Many motor vehicle accidents in New Jersey result in blunt abdominal trauma with two of the most frequently damaged organs being the liver and spleen. In the case of a severe injury, the spleen can be removed but not the liver, which is why everything possible should be done to protect against liver injuries. One important step is to use the seat belt.
Researchers from the NYU Langone Hospital-Brooklyn analyzed car crash data that the National Trauma Data Bank had recorded from 2010 to 2015, finding over 52,200 liver injury cases that could be accurately classified for severity. Of these, 15 percent were severe, and of those patients, 15 percent died. About 8 percent with mild or moderate liver injuries died.
Severe liver injuries include uncontrolled blood loss from ruptured blood clots and deep lacerations. Blunt trauma to the liver can also result in complications like bile leakage, the formation of abscesses and even the development of jaundice when the liver can no longer filter metabolites.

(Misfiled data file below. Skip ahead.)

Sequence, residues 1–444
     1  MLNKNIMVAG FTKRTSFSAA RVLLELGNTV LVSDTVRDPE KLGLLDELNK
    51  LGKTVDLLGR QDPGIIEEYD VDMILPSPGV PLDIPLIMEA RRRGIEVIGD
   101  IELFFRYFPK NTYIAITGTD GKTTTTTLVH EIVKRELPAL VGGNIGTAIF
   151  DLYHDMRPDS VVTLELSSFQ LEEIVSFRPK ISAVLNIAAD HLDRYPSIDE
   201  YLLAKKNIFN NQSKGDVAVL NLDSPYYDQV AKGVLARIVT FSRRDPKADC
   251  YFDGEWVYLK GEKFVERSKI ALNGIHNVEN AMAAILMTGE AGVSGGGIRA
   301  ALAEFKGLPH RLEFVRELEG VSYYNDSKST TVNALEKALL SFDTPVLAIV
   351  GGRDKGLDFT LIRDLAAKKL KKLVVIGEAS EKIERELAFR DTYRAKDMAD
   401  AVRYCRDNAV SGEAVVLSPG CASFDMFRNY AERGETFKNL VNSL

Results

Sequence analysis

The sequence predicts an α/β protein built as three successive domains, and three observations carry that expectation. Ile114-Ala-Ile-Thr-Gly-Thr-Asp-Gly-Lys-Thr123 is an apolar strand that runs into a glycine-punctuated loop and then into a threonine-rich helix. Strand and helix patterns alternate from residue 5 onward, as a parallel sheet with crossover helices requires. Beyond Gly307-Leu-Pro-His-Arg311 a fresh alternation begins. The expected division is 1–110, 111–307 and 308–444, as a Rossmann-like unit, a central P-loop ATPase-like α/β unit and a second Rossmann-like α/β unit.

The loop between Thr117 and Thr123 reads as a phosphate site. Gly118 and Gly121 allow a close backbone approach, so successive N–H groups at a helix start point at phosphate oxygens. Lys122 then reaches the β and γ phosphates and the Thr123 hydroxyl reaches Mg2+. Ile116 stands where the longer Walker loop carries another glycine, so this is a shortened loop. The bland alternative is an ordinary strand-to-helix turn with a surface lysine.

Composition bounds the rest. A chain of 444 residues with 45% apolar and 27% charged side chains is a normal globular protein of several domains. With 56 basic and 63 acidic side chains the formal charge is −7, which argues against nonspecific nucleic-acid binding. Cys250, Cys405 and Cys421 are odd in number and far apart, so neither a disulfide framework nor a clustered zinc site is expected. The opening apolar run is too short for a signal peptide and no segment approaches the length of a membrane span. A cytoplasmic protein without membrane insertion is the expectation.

With seat belt use, the chances of a severe liver injury drop by 21 percent. Seat belts and airbags together lower the chances by 26 percent although airbags alone provide no similar benefit. While the conclusions may seem obvious, they serve as a reminder to drivers who believe that seat belts are harmful or that airbags alone are sufficient.
Those who fail to wear a seat belt and who incur a car accident injury could be left with severe injuries. At the same time, their chances of being compensated for those injuries and other losses will be slimmer since they may have been negligent. If they are more than half at fault, they will be barred from recovery. Those who intend to file a claim may want a lawyer's representation, especially when the time comes for negotiating a settlement.